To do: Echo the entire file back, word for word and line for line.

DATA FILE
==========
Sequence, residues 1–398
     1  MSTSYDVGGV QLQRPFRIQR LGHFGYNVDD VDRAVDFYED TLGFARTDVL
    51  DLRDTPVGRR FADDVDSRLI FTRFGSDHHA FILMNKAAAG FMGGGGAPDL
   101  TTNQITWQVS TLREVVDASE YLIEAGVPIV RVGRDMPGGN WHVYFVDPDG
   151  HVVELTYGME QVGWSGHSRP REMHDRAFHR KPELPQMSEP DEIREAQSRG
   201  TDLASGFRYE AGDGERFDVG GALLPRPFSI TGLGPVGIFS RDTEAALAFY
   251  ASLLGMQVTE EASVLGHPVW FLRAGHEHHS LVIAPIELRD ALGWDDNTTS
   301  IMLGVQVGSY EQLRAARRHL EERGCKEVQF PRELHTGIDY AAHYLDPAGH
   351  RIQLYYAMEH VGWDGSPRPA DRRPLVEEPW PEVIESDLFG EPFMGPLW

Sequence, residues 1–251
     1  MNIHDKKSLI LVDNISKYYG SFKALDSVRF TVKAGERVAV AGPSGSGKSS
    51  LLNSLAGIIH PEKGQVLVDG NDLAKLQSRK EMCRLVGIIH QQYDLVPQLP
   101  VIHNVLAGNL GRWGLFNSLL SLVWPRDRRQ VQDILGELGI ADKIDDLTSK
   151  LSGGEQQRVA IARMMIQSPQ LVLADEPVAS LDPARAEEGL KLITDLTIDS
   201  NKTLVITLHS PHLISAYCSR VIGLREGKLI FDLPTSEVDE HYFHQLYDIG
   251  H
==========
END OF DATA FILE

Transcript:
Sequence, residues 1–398
     1  MSTSYDVGGV QLQRPFRIQR LGHFGYNVDD VDRAVDFYED TLGFARTDVL
    51  DLRDTPVGRR FADDVDSRLI FTRFGSDHHA FILMNKAAAG FMGGGGAPDL
   101  TTNQITWQVS TLREVVDASE YLIEAGVPIV RVGRDMPGGN WHVYFVDPDG
   151  HVVELTYGME QVGWSGHSRP REMHDRAFHR KPELPQMSEP DEIREAQSRG
   201  TDLASGFRYE AGDGERFDVG GALLPRPFSI TGLGPVGIFS RDTEAALAFY
   251  ASLLGMQVTE EASVLGHPVW FLRAGHEHHS LVIAPIELRD ALGWDDNTTS
   301  IMLGVQVGSY EQLRAARRHL EERGCKEVQF PRELHTGIDY AAHYLDPAGH
   351  RIQLYYAMEH VGWDGSPRPA DRRPLVEEPW PEVIESDLFG EPFMGPLW

Sequence, residues 1–251
     1  MNIHDKKSLI LVDNISKYYG SFKALDSVRF TVKAGERVAV AGPSGSGKSS
    51  LLNSLAGIIH PEKGQVLVDG NDLAKLQSRK EMCRLVGIIH QQYDLVPQLP
   101  VIHNVLAGNL GRWGLFNSLL SLVWPRDRRQ VQDILGELGI ADKIDDLTSK
   151  LSGGEQQRVA IARMMIQSPQ LVLADEPVAS LDPARAEEGL KLITDLTIDS
   201  NKTLVITLHS PHLISAYCSR VIGLREGKLI FDLPTSEVDE HYFHQLYDIG
   251  H